5 Practices to Avoid: Understanding the CURES Act Information Blocking Rule<br />
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5 Practices to Avoid: Understanding the CURES Act Information Blocking Rule

As of April 5, 2021, all health care providers are required to comply with the 21st Century Cures Act Information Blocking Rule. This Rule is intended to enhance patients’ rights to access, to promote communication and sharing of information between medical providers and with health information technology companies, and to debunk myths and practices that had arisen under the HIPAA privacy regulations that were causing roadblocks in the efficient communication of medical information.  

Information blocking is defined as “any practice that is likely to interfere with, prevent, materially discourage, or otherwise inhibit the access, exchange or use of Electronic Health Information (EHI)” unless required by law or if an exception applies. EHI includes all electronic protected health information contained in the designated record set as defined in HIPAA: medical records, billing records, payment and claims records, health plan enrollment records, case management records, and any other records used, in whole or in part, to make decisions about patients. Psychotherapy notes and information compiled in reasonable anticipation of litigation are specifically excluded from EHI.  

Brief descriptions of other exceptions are as follows:

  • The Preventing Harm Exception allows a provider to withhold EHI if the provider holds a reasonable belief that the practice will substantially reduce a risk of harm.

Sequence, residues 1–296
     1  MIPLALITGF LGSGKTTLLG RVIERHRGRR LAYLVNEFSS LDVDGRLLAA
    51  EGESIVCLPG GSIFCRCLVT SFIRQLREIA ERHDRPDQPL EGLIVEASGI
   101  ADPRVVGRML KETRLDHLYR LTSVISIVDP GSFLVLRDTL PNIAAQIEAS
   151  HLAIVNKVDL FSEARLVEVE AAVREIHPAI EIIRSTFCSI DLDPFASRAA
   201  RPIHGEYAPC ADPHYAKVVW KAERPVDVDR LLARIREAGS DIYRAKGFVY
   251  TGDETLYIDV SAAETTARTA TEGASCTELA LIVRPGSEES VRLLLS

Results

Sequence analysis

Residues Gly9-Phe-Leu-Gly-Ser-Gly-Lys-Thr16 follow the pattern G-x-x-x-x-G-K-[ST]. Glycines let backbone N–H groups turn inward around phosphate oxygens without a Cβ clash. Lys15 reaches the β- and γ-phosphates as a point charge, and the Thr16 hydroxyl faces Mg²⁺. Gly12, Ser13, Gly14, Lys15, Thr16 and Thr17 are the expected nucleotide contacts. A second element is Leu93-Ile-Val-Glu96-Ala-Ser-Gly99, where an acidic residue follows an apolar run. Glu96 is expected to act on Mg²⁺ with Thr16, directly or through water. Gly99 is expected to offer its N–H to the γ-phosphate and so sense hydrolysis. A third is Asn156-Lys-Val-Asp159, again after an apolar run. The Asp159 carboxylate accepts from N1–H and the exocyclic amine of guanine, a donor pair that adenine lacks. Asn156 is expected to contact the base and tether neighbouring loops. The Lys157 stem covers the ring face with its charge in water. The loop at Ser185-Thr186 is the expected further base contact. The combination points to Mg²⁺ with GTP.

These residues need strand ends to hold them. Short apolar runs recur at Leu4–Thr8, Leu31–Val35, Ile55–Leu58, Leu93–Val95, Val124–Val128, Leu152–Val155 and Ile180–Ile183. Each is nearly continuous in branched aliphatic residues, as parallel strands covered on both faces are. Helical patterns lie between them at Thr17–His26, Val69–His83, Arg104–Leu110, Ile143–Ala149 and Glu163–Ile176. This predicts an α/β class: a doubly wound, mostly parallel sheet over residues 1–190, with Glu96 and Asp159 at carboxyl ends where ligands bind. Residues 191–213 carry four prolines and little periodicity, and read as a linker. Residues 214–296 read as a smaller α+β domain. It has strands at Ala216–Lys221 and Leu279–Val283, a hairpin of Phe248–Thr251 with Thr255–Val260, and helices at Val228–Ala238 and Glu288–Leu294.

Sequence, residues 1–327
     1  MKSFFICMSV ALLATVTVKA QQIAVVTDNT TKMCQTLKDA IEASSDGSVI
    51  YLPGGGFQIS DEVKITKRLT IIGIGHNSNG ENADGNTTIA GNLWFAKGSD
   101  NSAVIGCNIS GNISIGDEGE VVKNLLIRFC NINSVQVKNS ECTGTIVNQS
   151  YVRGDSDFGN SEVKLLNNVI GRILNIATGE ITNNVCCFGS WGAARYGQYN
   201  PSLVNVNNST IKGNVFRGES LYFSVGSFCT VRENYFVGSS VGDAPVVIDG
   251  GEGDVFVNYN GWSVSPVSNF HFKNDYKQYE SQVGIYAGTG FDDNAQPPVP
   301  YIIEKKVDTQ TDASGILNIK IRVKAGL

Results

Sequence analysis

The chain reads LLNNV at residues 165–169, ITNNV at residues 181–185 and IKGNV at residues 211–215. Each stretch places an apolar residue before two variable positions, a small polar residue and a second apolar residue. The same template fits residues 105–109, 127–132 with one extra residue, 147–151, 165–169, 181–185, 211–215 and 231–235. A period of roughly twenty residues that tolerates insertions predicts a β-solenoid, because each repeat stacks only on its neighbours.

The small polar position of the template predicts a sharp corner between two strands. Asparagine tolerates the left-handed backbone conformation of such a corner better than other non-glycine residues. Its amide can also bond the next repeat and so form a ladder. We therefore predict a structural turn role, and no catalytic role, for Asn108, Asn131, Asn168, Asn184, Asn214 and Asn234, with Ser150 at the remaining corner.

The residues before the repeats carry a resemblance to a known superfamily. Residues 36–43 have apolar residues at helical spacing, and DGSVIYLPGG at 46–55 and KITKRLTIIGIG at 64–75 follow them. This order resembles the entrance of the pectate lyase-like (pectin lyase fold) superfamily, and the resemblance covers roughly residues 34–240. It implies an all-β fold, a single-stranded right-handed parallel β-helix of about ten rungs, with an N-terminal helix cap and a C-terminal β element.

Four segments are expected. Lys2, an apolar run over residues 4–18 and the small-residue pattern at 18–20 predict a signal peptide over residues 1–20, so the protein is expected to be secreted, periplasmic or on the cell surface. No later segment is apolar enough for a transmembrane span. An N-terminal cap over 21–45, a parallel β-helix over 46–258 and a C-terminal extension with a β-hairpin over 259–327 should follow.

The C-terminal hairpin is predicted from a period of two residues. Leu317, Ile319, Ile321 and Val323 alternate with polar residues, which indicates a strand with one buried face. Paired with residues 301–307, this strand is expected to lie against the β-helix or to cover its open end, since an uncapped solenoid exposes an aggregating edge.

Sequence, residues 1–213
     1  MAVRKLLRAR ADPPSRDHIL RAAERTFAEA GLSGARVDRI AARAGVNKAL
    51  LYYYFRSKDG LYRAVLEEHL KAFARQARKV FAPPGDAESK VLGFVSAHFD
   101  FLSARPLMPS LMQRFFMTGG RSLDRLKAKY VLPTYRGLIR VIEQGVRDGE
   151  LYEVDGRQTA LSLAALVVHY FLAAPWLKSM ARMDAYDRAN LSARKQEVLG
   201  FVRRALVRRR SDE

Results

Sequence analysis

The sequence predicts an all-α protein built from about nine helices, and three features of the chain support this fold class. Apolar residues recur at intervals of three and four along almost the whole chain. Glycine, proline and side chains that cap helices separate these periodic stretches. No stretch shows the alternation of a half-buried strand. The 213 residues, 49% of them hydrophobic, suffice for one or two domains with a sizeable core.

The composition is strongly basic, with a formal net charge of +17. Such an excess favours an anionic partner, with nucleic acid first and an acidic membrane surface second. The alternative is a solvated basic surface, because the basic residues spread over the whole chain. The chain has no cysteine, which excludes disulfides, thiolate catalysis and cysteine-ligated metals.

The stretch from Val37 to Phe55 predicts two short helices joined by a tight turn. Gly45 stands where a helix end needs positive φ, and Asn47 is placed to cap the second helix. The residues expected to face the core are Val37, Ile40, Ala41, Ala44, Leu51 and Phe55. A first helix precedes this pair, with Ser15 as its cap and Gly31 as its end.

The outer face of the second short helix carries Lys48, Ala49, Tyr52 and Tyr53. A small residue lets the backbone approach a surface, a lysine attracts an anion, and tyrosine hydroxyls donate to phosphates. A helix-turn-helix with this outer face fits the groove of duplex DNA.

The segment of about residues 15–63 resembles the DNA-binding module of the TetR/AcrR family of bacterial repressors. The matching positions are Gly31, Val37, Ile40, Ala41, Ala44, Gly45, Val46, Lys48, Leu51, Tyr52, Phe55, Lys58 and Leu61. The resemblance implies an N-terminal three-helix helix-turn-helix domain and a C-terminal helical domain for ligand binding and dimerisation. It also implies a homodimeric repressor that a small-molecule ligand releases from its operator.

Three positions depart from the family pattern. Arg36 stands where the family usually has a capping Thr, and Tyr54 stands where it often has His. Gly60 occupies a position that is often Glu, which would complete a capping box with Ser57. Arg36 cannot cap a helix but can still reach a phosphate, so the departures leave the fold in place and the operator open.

• The Privacy Exception recognizes that a provider should not be required to use or disclose EHI in a way that is prohibited under state or federal privacy laws. 
  • The Security Exception states that it will not be information blocking for a health care provider to interfere with the access, exchange, or use of EHI to protect the security of EHI, provided certain conditions are met. 
  • The Health IT Performance Exception recognizes that there may be times when a provider cannot respond because its health IT is offline temporarily for maintenance or upgrades to the system.
  • The Content and Manner Exception permits a health care provider to fulfill a request in an alternative manner when the provider is technically unable to fulfill the request in the manner requested or cannot reach agreeable terms with the requestor to fulfill the request.  
  • Under the Fees Exception, health care providers may recover certain costs reasonably incurred for the access, exchange, or use of EHI if certain conditions are met. This exception will most likely be applicable to EHR vendors rather than health care providers.
  • The Licensing Exception acknowledges that in certain cases, a license to access, exchange, or use EHI may be necessary for certain “interoperability elements” to be used. This exception will also most likely be applicable to EHR vendors rather than health care providers.

To assist in your compliance with this complex regulation, here are five practices to avoid. These examples are taken from U.S. Department of Health and Human Services (HHS) commentary and guidance as potential information blocking. 

  1. Routinely delaying the posting of lab or test results until after speaking with the patient. HHS guidance repeatedly emphasizes that this practice is prohibited and that the Preventing Harm Exception will not justify a policy of withholding or delaying access to lab or test results until after the provider has had a chance to review the results and speak with the patient, except in rare and special circumstances pertaining to a particularly susceptible, individual patient.